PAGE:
A research paper is an academic writing based on original research featuring analysis as well as interpretation from the author of the research.
A research paper is usually based on an experiment conducted or a hypothesis yet to be proved.
Following are the steps to write a research paper:
- Topic Selection
- Writing a thesis statement
- Researching your topic
- Making an outline
- Writing the research
1. Topic selection
Many times, college assigns the research topics to their students, but in rare cases, you may get an option to select your topic. If the latter is the case, then choose a topic that is challenging and something that you are interested in.
This way, you won’t be bored during the lengthy process of research. Avoid selecting topics that are too general or superficial or very technical. Broad topics will look like a simple overview; this is why you have to narrow the topic down to a specific aspect or idea or a concept, and it should be made more precise and manageable.
For example, avoid selecting the topic of ‘Climate change’, instead choose a topic of ‘Causes of Climate change.’
You have to keep in mind your audience while selecting a topic. The knowledge levels of the audience will affect the style of writing and the details which are needed in your explanation.
If your audience is generalist, then avoid getting too technical in your research and using too complicated information. It is encouraged to develop short, simple sentences. You have to be informative and use ample examples for clarification of essential points.
But if your target audience is expert then don’t over-explain by giving a visible background. You have to show nuance in your theories and arguments, and every little thing should be taken into consideration since experts will notice your mistakes.
2. Writing a thesis statement
Prepare a thesis before organizing research since it will guide your investigation and will also help you to stay focused on your research topic. Try to make your research statement precise following the type of paper. All the papers can be divided into three different categories:
- persuasive or argumentative
You have to give a lot of time to create a strong thesis statement so that there is a clear purpose for your project. The thesis should be debatable as well as narrow because since your claims are to be supported by evidence.
If your statement is comprehensive, then you will need more proof to convince. The thesis is a reflection of the relevant and actual problem in the world of science, which makes you write the research paper.
A strong thesis statement is the basis of your paper, and it can be considered as the heart of introduction and conclusion. In the introduction, the author presents a thesis, and in the final part, after conducting research, the author supports or disapproves the thesis statement.
3. Do your research
Thorough research is to be done on the primary and secondary sources of your subject of the paper. You should go through all of them to find relevant proof to support your thesis.
You should also evaluate your sources, make notes of essential points and document your sources as per the citation style, which is specified by your research guide. You also have to ensure that the latest edition of a specific style.
These notes are to be used later when you are writing your research paper and building your bibliography. It is essential to provide a citation of all sources which are used for quoting, summarizing, etc. to avoid plagiarism.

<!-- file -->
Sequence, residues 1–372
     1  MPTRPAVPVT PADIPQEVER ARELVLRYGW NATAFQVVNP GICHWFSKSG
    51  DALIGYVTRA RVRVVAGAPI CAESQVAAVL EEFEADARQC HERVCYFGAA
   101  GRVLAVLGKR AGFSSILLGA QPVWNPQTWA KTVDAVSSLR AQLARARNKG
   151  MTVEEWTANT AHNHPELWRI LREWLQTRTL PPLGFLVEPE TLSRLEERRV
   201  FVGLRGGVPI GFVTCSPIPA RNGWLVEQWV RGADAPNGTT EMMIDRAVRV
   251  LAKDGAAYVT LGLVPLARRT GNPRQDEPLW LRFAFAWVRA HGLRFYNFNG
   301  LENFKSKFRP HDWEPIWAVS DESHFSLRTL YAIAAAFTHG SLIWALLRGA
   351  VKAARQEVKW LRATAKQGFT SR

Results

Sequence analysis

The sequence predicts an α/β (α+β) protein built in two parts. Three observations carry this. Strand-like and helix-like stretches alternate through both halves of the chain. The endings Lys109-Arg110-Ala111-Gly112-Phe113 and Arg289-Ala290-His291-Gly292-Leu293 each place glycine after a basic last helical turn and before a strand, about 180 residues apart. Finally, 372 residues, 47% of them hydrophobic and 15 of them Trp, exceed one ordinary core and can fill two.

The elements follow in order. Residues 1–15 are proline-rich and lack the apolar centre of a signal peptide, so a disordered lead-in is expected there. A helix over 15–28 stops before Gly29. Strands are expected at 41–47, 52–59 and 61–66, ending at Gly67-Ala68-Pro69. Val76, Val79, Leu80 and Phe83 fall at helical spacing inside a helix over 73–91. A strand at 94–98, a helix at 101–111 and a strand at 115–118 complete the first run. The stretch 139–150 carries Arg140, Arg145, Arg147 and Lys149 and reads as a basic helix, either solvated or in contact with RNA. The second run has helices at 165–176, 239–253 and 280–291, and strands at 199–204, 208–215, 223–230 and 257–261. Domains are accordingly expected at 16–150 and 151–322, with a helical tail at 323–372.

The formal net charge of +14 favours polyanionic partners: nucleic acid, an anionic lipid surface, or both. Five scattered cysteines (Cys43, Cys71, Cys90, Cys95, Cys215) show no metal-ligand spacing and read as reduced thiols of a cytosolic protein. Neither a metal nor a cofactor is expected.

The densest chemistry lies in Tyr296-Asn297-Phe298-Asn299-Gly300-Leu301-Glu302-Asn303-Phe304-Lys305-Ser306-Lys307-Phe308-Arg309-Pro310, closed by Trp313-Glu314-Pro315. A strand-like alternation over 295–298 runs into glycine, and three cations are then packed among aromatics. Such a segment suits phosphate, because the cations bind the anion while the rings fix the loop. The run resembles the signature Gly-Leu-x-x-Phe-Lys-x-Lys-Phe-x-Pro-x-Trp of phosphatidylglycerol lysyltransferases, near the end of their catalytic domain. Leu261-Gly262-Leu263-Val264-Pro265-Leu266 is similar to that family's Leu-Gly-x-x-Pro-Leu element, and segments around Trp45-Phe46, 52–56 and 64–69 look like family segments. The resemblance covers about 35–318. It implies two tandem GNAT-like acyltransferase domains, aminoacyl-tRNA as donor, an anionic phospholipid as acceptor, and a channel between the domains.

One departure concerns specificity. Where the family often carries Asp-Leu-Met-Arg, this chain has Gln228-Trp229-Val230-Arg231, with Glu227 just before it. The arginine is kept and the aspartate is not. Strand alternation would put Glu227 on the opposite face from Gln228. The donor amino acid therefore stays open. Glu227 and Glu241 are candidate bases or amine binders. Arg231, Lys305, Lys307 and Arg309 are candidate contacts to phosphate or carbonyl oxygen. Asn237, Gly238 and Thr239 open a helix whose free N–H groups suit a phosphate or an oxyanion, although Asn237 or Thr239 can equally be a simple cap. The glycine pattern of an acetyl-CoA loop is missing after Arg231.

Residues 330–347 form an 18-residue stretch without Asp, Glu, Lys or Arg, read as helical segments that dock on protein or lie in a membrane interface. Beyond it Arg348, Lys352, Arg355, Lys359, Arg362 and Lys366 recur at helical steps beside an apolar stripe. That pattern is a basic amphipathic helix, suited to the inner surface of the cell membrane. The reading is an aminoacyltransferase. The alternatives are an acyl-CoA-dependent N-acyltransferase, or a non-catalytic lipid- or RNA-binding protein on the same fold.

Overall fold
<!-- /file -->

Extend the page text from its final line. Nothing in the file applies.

4. Making a good outline
You will find loads of good ideas from your research. It depends on how deeply you have researched every possible source to read and understand your topic. Then you have to organize them for a presentation.
It is recommended not to skip this critical step since it will result in your project lacking focus, and more time would be necessary to revise your draft to make sense of your thoughts. This is also why you need to have a good outline. After finalizing the thesis, you have to create an outline which you plan to cover, and that outline can be used as a roadmap so that you don’t lose focus.
You have to consider all the important points that will be required to support your thesis statement. You can also use them as subheadings in the research body. Scan your notes and organize the information under every sub-heading. You also have to make sure to include relevant information which fits under your sub-headings, and this should also support your thesis.
You should not include any sort of information which does not fit in your research outline, irrespective of its interest level.
When you are writing a research outline, include the following:
A title page
Abstract of the research
Results / findings
Although this is the format of most of the research outlines, you should follow the specific guidelines which are provided by your instructor. Some researchers use an outline as the first draft.
5. Writing the research
Writing the first draft is usually the middle of the process in which you have a clear direction, and it is then followed by writing the final research. Write the draft with a title page, citations and reference pages.
If you have created an outline, then you may skip the step of writing draft at your discretion. The title of the research is crucial to make a good impression since it will be the first thing that they see. It sets their expectations as to what can they expect from the research paper.
A list of all keywords should be presented in the research paper, including the methods used to arrive at results and conclusions. Avoid using unnecessary words and try to make the sentences simpler. The title should be made concise.
Then you have to write an introduction, the body of the research followed by a conclusion. Following are the steps of how you can write: